Sunday, March 1, 2009

Dems' agenda is left to the shouting

Sunday, March 01, 2009

Click here to comment on Tulsa World article.

House Democrats promise to make more noise as legislation favored by the in-control Republicans is taken up on the chamber's floor in the next two weeks.

Many bemoan legislation they authored that did not make it out of committees by last week's deadline. In some committees, Democrats didn't speak out against measures they were against.

"The opposition will begin now," said House Democratic leader Danny Morgan of Prague. "What you're going to see from the Democratic caucus is a lot more activity from us on the floor so that the arguments against these pieces of legislation can be heard by the entire body and not a half-dozen committee members.

"I don't know that I've ever seen this caucus quite as invigorated as it is right now. Sometimes failure promotes energy."

House Republican leaders got all their key issues through committees — no surprise as Republicans control the House 61-40, and as a result, all committees.

House Speaker Chris Benge had all his key proposals — including bills promoting the use of alternative fuels through tax breaks and other incentives — passed unanimously out of committees.

"It's been a good, productive, first four weeks," said Benge, R-Tulsa. "We've got a lot of good things going. The budget (shortfall) still is going to be a challenge, of course, but I feel good about things to this point."

Democrats lost their showdown with Republicans over the autism mandate during a committee hearing on the second day of this year's session.

Benge said more study is needed on the cost of mandating coverage.

"We've established a good precedent that you deal with these mandate issues, examine them, analyze them and have a better understanding of the effects on all Oklahomans before you act on them," he said. "We put together a good plan, and I feel it's a step in the right direction to addressing families with autistic children."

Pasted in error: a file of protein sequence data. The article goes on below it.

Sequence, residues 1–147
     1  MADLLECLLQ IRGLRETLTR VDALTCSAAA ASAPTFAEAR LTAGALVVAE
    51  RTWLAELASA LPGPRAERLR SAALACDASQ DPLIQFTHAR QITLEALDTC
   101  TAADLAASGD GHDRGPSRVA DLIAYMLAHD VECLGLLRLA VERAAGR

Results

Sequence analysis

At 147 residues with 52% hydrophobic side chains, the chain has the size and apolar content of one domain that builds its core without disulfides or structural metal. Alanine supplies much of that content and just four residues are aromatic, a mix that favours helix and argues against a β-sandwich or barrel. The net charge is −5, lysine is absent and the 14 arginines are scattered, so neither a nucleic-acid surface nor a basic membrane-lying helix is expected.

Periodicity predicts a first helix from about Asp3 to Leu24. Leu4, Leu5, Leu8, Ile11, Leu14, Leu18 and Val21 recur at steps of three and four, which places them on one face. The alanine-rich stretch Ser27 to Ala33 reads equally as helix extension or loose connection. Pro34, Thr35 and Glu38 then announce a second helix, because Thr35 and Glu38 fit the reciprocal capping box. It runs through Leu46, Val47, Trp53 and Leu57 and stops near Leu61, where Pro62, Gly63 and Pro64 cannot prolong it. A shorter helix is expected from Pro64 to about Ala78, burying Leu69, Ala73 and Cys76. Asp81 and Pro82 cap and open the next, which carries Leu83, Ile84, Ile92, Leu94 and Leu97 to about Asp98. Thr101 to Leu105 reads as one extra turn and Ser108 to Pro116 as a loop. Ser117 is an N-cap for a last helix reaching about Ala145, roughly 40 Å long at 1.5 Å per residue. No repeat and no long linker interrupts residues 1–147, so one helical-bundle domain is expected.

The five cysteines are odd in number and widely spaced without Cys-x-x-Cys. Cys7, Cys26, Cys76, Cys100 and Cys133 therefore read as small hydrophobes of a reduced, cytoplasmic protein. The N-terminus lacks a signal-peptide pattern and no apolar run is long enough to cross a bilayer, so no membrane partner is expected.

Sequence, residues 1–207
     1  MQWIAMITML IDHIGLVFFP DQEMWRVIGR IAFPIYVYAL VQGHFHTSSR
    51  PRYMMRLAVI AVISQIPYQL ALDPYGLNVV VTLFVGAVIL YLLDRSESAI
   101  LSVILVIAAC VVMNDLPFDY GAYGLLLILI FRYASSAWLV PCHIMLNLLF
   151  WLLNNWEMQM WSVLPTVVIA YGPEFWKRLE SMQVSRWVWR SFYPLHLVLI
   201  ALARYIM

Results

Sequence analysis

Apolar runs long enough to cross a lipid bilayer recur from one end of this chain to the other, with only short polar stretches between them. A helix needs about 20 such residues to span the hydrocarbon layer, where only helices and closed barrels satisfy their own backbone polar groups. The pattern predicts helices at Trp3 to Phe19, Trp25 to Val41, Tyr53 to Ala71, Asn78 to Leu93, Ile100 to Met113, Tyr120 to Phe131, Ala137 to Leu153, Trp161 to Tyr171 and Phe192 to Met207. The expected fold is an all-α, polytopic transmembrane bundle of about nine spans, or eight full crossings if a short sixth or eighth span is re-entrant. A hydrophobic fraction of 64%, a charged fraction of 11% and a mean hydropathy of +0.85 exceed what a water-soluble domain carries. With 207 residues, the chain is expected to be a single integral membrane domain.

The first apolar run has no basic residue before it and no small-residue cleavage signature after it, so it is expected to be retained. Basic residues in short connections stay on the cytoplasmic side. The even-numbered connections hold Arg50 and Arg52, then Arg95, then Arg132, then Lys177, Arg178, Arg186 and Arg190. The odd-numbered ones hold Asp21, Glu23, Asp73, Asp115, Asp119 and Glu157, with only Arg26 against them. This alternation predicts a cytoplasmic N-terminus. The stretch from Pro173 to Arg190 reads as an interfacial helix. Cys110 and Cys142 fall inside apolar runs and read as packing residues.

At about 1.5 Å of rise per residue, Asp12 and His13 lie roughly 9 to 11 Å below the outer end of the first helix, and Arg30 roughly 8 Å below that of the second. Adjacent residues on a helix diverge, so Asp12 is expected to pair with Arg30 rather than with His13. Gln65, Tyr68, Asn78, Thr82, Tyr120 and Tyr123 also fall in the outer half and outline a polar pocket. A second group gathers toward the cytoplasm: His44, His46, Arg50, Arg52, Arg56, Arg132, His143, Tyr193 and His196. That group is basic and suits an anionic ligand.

Republicans got their proposal on how to deal with children with autism passed out of committee and basically eliminated any chance legislators would consider for the next two years the Democratic-backed idea of requiring insurance companies to cover children with autism.

The House Republican measure, by House Speaker Pro Tem Kris Steele of Shawnee, calls for enacting a licensing process for national board-certified behavioral analysts and expanding state programs that train doctors to diagnose and treat autism.

Still, Morgan said Democrats will try to keep alive the concept of insurance companies being required to cover treatment for children with autism.

"What we're wanting to do is just establish a pattern that if you cover other areas of medical service, then we think that autism ought to be just as important," he said.

Morgan said he's disappointed that two measures he filed didn't get heard by committees: establishing a no-call list for businesses, and prohibiting drivers under the age of 18 from being able to use cell phones while driving. He hopes to find some bills where he can put in some of the language of his proposals.

With House members filing 1,270 bills, 46 joint resolutions, and six concurrent resolutions for consideration this session, it was understood that most would be set aside so essential bills picked by Republican leadership could make their way through the 17 weeks or so legislators are in session. Nearly 400 measures advanced to the House floor, a House spokeswoman said.

Lawsuit reform measures, bills promoting alternative fuels and energy independence, reducing the number of Oklahoma's uninsured, voters being required to show identification, revamping the state medical examiner's office, and modernizing and reforming state government buying practices all passed out of committees and will be up for action on the House floor in the next two weeks.

Other measures by Republicans that passed committees include making English the official language, taking steps to crack down on puppy mills and changing how workers compensation judges are picked.

A proposal by Rep. Jason Murphey, R-Guthrie, to allow faculty members and those who have concealed gun permits along with firearms training to carry concealed weapons on college campuses remained bottled up in committee. Murphey, noting the Senate killed a similar measure, said he may wait until next session to bring out a guns-on-campus bill.


Yogi♪♪♪ said...

I'm a little suspicious that Rep Benges cry for "studies" on mandated coverage are just an excuse for not doing anything.

Wayne Rohde said...

It is nothing more than trying to divert attention away from their inflated study.